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It's a small world

Posted by Maureen Mullen October 23, 2008 05:58 AM

The chants of “M-V-P, M-V-P” regularly rang out at Fenway Park as Dustin Pedroia stepped into the batter’s box this season.

The crowd was showing its appreciation for the second baseman’s numbers — league bests in hits (213), runs scored (118), multiple-hit games (61), and doubles (54); he also racked up a .326 average.

But Pedroia had some work to do before he won over Hall of Fame second baseman Joe Morgan.

“When I first saw him, I wasn’t impressed,” Morgan said of their initial encounter, early in 2007. “He was swinging at the high pitch. He was struggling, and I said, ‘Well, that’s the reason he’s struggling, because he wasn’t handling that high fastball.’

“The next time I saw him, a month or two later, he was finding his groove and he was swinging well. And I was impressed with the fact that he seemed like he had the right level of confidence to play in the big leagues. Anytime you’re struggling, your confidence level is going to struggle. But he was playing well. He’s a very good defensive second baseman. He plays the game, brings energy to the game. He’s a special player.”

Like Morgan — listed at 5-feet-7, 160 pounds in his playing days — Pedroia is vertically challenged, generously listed at 5-feet-9, 180 pounds. For Morgan, that’s where the similarities end.

“I don’t compare anybody to me or me to anybody else,” he said. “We’re all different. Everybody’s different. I [hit] left-handed for one thing. I played the game differently than he does. He plays the way he plays it. The only similarity that you can tell is we both had a passion for the game. I loved playing. You can tell that he loves playing. So that’s where the similarities are. But I don’t think it’s fair for either one of us to do that.”

But, like Pedroia, Morgan also heard that he was too small to play in the big leagues.

“When I was coming along, all the players were big,” he said. “They only wanted big players. So little guys didn’t have a chance to prove it. We had to prove it right away. You didn’t get a second chance. It’s easier now because people realize that some of the small guys are the real deal. So I just think it was tougher when I first came along. But right now they’ll still look at you funny. But I think you get an opportunity now, whereas before if you didn’t make the impression on the first day, you were kind of done.”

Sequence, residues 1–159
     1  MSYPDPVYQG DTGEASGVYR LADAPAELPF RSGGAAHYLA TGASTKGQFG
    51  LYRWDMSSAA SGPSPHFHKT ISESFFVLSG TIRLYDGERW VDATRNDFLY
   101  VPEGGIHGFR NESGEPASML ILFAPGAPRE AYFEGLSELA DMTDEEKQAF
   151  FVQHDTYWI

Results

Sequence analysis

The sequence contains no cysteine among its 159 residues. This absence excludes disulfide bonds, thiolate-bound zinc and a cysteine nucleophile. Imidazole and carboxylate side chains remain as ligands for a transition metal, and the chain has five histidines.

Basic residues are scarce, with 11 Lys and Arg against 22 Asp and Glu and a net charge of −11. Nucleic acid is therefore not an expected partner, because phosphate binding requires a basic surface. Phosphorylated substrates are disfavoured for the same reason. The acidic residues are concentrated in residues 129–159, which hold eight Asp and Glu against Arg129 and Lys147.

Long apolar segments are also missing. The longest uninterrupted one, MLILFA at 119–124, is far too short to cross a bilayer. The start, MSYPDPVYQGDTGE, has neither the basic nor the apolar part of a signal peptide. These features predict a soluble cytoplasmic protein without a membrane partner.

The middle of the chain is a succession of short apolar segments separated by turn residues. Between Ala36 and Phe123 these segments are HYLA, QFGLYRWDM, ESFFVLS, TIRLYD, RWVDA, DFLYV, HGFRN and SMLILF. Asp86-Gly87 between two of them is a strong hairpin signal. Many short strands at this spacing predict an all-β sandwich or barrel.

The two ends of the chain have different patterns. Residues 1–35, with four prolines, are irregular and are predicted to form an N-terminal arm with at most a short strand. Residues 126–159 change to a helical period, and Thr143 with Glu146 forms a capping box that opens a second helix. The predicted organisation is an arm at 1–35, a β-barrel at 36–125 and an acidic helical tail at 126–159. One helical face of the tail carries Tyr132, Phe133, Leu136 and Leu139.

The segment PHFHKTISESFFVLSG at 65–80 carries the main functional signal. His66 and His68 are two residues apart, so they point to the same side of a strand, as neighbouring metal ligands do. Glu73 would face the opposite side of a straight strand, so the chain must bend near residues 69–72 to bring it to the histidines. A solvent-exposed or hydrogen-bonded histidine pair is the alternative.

Morgan made his impression as a member of Cincinnati’s Big Red Machine, winning back-to-back National League MVP awards in 1975 and 1976. He beat out formidable candidates Greg Luzinski, Dave Parker, teammate George Foster, and Mike Schmidt. Since then, only two second basemen — Ryne Sandberg in 1984 and Jeff Kent in 2000, both in the NL — have earned MVP honors.

How does he handicap Pedroia’s odds for winning the AL MVP this season? He’d be the first second baseman to snag the award in 49 years, since Nellie Fox of the White Sox in 1959.

“I’ve tried to be fair about this with everybody,” Morgan said. “There are a lot of guys who are candidates for MVP. He definitely can wear the mantle well if he’s chosen, I don’t think there’s any doubt about that. But there are a lot of guys who had great seasons and who are MVP candidates. And it would be unfair of me to say that he’s the only one. I’d be proud if he does, but it’s not easy. The MVP is a very difficult thing to decipher sometimes.”

Ernie Banks on Manny

So, Ernie Banks, Mr. Cub, member of the 500-home-run club, first-ballot Hall of Famer: Is Manny Ramirez worthy of Cooperstown?

“Yes, he really is,” said Banks, whose wife, Liz, runs a website dedicated to the 500-home-run club. “When he hit his 500th home run, it was with Boston, and we contacted him. He’s just a fun guy. He has fun playing the game. He reminds me of what [fellow Hall of Famer] Roy Campanella said many years ago: ‘To play baseball you got to have a little boy in you.’ You got to be like a little boy, not an adult, a little boy. [Manny’s] funny. He’s smart. He plays the game with fun.

“He was just so gracious. And the things he said were just right on target. How he’s a lucky guy. He plays for fun. He loves it. It’s a great thrill, and all of that.”

Maureen Mullen covers the Red Sox for OT and can be reached at mmullen@globe.com

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Charles P. Pierce writes for the Boston Globe Magazine. A long-time sportswriter and columnist, Pierce is a frequent guest on national TV and radio.
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